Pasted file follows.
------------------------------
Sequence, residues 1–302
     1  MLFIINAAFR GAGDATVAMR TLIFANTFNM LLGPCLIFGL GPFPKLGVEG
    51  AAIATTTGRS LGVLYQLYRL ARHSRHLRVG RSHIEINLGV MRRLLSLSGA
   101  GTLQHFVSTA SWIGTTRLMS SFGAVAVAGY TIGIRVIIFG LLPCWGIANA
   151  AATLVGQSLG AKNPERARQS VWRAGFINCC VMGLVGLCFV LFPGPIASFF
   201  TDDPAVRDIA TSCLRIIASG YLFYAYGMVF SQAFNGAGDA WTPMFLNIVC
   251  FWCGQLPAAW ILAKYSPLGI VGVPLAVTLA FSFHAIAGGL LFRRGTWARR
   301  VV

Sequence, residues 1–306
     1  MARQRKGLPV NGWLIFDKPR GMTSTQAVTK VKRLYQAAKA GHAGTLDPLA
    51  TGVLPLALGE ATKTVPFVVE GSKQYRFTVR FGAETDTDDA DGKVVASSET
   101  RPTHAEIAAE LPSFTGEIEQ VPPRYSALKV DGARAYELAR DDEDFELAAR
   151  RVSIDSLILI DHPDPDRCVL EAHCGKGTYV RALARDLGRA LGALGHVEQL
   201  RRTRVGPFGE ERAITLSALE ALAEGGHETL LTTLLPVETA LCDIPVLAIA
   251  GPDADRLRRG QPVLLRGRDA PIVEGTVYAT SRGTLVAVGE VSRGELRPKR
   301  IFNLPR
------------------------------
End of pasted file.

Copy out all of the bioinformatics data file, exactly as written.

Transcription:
Sequence, residues 1–302
     1  MLFIINAAFR GAGDATVAMR TLIFANTFNM LLGPCLIFGL GPFPKLGVEG
    51  AAIATTTGRS LGVLYQLYRL ARHSRHLRVG RSHIEINLGV MRRLLSLSGA
   101  GTLQHFVSTA SWIGTTRLMS SFGAVAVAGY TIGIRVIIFG LLPCWGIANA
   151  AATLVGQSLG AKNPERARQS VWRAGFINCC VMGLVGLCFV LFPGPIASFF
   201  TDDPAVRDIA TSCLRIIASG YLFYAYGMVF SQAFNGAGDA WTPMFLNIVC
   251  FWCGQLPAAW ILAKYSPLGI VGVPLAVTLA FSFHAIAGGL LFRRGTWARR
   301  VV

Sequence, residues 1–306
     1  MARQRKGLPV NGWLIFDKPR GMTSTQAVTK VKRLYQAAKA GHAGTLDPLA
    51  TGVLPLALGE ATKTVPFVVE GSKQYRFTVR FGAETDTDDA DGKVVASSET
   101  RPTHAEIAAE LPSFTGEIEQ VPPRYSALKV DGARAYELAR DDEDFELAAR
   151  RVSIDSLILI DHPDPDRCVL EAHCGKGTYV RALARDLGRA LGALGHVEQL
   201  RRTRVGPFGE ERAITLSALE ALAEGGHETL LTTLLPVETA LCDIPVLAIA
   251  GPDADRLRRG QPVLLRGRDA PIVEGTVYAT SRGTLVAVGE VSRGELRPKR
   301  IFNLPR